Alabama Genomic Health Initiative begins recruitment

The Alabama Genomic Health Initiative has begun full scale recruitment of interested participants at two sites in Birmingham.

aghi webFull scale recruitment for the Alabama Genomic Health Initiative has begun at University of Alabama at Birmingham clinics in Birmingham. The AGHI is one of the nation’s first statewide efforts to harness the power of genomic analysis to identify those at high risk for genetic disease.

The AGHI, a partnership between UAB and HudsonAlpha Institute for Biotechnology, was announced on March 9. It will recruit a diverse group of participants from every county in Alabama and provide genomic analysis and interpretation to this group free of charge.

Following the conclusion in May of a pilot project that recruited the first 100 participants, the AGHI has now opened widespread recruitment with the intent of adding 2,000 individuals in the first year. Over a five-year period, the goal will be to increase the number of participants to more than 10,000 persons.

“This project will result in immediate health benefits to some participants, and in the long term will help to address problems of chronic disease and rising health care costs in the state,” said Bruce Korf, M.D., Ph.D., chair of the UAB Department of Genetics and co-director of the AGHI. “It will also position Alabama as a leader at the forefront of 21st century medicine.”

“The AGHI could lead to identification of new genetic diseases and new treatments that will benefit Alabamians and the rest of the world,” said Greg Barsh, Ph.D., faculty investigator at HudsonAlpha and co-director of the AGHI. “Researchers working on finding cures to conditions like diabetes, heart disease, epilepsy and cancer will be able to utilize knowledge from these data to identify genetic factors that predispose people to these diseases as well as rare disorders—all with the ultimate goal of developing new approaches to prevention, diagnosis and treatment.”

Recruitment is now open at UAB Kirklin Clinic and Medical Towers in Birmingham. The process takes about 30 minutes. Participants will have an opportunity to learn more about AGHI by interacting with patient navigators. The navigators will explain the benefits and responsibilities of participation in AGHI, and if they choose, participants can join at that time. A simple blood draw will be done to obtain DNA.

Recruitment is now open at UAB Kirklin Clinic and Medical Towers in Birmingham. The process takes about 30 minutes. Participants will have an opportunity to learn more about AGHI by interacting with patient navigators. The navigators will explain the benefits and responsibilities of participation in AGHI, and if they choose, participants can join at that time. A simple blood draw will be done to obtain DNA.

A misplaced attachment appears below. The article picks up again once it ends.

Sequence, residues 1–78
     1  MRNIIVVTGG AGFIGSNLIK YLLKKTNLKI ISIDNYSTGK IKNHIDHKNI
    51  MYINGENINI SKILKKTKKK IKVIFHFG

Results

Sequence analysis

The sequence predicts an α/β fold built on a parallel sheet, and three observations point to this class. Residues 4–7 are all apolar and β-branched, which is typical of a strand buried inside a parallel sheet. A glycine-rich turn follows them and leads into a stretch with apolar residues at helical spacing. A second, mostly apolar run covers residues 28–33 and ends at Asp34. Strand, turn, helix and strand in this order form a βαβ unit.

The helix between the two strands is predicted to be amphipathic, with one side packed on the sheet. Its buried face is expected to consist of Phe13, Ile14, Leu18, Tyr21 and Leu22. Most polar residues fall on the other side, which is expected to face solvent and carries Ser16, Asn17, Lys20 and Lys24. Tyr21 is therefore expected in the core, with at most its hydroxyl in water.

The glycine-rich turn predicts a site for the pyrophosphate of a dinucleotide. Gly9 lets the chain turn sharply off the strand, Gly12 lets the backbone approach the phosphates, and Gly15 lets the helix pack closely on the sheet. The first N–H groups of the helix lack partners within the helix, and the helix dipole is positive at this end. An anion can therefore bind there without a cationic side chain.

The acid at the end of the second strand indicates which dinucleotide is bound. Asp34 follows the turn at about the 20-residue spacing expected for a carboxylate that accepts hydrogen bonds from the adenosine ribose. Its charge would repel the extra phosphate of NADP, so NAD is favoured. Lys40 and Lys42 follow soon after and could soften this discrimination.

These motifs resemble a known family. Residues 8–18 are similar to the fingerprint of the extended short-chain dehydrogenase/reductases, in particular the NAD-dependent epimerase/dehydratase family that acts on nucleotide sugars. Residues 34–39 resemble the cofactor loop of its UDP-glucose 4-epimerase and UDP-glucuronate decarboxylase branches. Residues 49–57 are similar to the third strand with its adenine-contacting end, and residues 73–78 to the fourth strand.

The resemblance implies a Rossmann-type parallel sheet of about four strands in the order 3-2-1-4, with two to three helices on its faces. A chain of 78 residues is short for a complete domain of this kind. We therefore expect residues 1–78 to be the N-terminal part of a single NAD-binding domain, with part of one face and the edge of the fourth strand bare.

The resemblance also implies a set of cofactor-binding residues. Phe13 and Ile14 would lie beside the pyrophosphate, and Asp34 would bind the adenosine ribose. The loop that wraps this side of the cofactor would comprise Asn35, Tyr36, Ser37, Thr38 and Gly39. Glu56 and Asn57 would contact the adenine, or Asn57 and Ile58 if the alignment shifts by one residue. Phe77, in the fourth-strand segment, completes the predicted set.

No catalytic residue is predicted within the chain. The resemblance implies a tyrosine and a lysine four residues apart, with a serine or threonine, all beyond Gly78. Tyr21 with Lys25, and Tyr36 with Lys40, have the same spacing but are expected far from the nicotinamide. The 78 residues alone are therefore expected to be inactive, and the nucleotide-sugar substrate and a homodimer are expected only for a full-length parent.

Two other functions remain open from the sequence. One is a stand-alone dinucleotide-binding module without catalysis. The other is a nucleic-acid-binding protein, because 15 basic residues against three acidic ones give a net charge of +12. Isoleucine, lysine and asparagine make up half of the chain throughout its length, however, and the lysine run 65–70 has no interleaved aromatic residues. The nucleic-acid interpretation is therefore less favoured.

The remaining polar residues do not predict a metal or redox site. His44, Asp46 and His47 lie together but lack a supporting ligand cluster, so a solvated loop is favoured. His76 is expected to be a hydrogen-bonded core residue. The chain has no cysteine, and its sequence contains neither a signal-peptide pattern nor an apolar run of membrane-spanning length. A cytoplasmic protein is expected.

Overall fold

Organizers used the pilot phase recruitment of the first 100 participants to refine the recruiting process to be sure that materials are understandable and effective.

“We wanted to evaluate our informed consent procedures and educational materials to be sure they are clear and accurately communicate the goals and objectives of the AGHI,” said Mona Fouad, M.D., director of the UAB Division of Preventive Medicine and co-chair of the AGHI recruitment working group. “We have incorporated lessons learned during this period and are ready to begin reaching out to a wide cross-section of Alabamians.”

The majority of participants in the initiative will undergo a genotyping array test, assessing some 650,000 identified genomic biomarkers. The genotyping test will look for the presence of variants in 59 specific genes, referred to as actionable genes by the American College of Medical Genetics and Genomics. The 59 genes are those that are known to contribute to disease and for which the potential for prevention or treatment exists. They include genes such as BRCA1 and BRCA2, which are associated with a genetic risk of breast and ovarian cancer. It is expected that this list will change over time, as new genes are recognized that can lead to improvements in medical care for an individual being tested.

Participants who test positive for one of the 59 genes on the ACMG list may consent to receive that information through genetic counseling and can consent to have it shared with their primary medical provider. Referral to appropriate prevention strategies or treatment will be provided both to participant and through the primary care physician or a specialized provider.

Participants with signs of a genetic condition of undetermined origin will receive a more extensive evaluation, known as whole genome sequencing. Analysis and interpretation of those results will also be communicated to patient/parents and his or her primary medical provider, and participants will be linked to appropriate medical care.

All of the genetic information of consenting participants will be saved in a database for research use utilizing the combined resources of the UAB-HudsonAlpha Center for Genomic Medicine, UAB Informatics Institute and the Hugh Kaul Personalized Medicine Institute.

“Protecting the privacy of our participants and safeguarding the personal information gathered is a priority for the AGHI,” said Matt Might, Ph.D., director of the Hugh Kaul Personalized Medicine Institute and co-director of the AGHI. “In addition to rigorous systems to ensure privacy, the AGHI bioethics team — with ethicists from HudsonAlpha, Tuskegee University and UAB — will review all plans and procedures to ensure that appropriate safeguards and protections are in place.”

Additional recruitment sites around the state will be added as the initiative progresses.

To learn more about the Alabama Genomic Health Initiative please visit www.aghi.org. To participate, call 1-855-462-6850.

Read 4513 times
Back to Top